Steps to Improve Your Small Business Credit Score

Now, more than any other time in recent history, it’s important for small and large businesses alike to pay close attention to their credit scores. Unfortunately, some small business owners didn’t learn this important bit of information until after a time when needed credit was denied based on the current credit score of their businesses. The good news is that this is something that can be fixed. While no magic bullet quick fix is available, these steps can help you greatly improve your small business credit score.


Know and Understand Your Credit Report


The biggest challenge many business owners face is that they either don’t know their current credit scores or don’t understand what it means if they do. If you don’t have a copy of your commercial credit score, obtaining one needs to be your first step. Once you have the report, it’s time to learn what it means. Commercial credit percentile scores fall between one and one hundred and the scores, or between 101 and 670 in raw score terms, are weighted according to several mitigating factors such as other businesses in your area and in your industry as well as the financial and non-financial transactions your business makes. The higher the score, the less probability for delinquency.


Make Timely Payments


Whether it’s utility bills, lease payments, or creditor payments, a history of paying bills in a timely manner can have a bigger impact on your commercial credit score than most business owners realize. It’s not so much that it has a favorable impact as the fact that it doesn’t have a negative impact. Utilities are notorious for reporting delinquencies. While they may not report payments that are made on time they won’t be reporting them as delinquent when they are and that bodes well for your credit future.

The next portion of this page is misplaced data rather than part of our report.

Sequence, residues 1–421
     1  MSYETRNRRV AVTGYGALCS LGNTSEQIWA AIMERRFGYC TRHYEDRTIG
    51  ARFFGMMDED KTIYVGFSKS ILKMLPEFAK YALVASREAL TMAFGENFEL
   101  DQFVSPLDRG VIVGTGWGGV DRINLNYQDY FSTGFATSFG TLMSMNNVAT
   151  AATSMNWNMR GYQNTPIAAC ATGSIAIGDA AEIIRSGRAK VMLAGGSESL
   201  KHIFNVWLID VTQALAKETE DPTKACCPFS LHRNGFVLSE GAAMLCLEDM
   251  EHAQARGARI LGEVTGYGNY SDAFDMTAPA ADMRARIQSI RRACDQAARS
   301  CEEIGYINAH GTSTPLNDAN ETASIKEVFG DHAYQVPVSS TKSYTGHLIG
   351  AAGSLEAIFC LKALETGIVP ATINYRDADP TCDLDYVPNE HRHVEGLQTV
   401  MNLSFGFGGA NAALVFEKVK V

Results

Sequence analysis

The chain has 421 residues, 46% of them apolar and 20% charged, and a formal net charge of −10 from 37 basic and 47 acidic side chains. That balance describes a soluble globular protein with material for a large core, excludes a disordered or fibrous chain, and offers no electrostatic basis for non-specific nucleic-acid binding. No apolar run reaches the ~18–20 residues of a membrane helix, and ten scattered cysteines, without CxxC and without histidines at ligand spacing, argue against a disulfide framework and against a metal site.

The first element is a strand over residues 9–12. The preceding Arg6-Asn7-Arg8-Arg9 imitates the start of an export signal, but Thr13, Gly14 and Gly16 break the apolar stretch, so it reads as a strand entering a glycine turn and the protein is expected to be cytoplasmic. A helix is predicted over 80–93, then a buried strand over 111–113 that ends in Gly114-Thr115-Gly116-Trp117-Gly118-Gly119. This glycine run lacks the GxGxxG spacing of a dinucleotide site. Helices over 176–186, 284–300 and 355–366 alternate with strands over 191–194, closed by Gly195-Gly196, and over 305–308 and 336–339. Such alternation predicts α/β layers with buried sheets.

Keep Your Debts Reasonable


According to Experian, businesses should work to keep their balance at about 20 to 30 percent of their credit limits. If your debts are running pretty close to your available credit limits, then it’s a good idea to focus your effort on paying down your existing debt rather than incurring additional debt.


Keep Older Accounts


While it’s nice to have something shiny and new every once in a while, when you’re trying to rebuild or repair your business credit you do not want to adopt an “out with the old and in with the new” philosophy. Older accounts present your business as one that is stable to new creditors and is a good sign for the sake of your credit score.


The most important ingredient to add to the mix of improving your small business credit score is patience. No changes are going to take place overnight, no matter how diligent you are in adopting them. It takes time for credit scores to fall and it will take a little bit of time and care for them to start moving up again too. These steps will certainly help.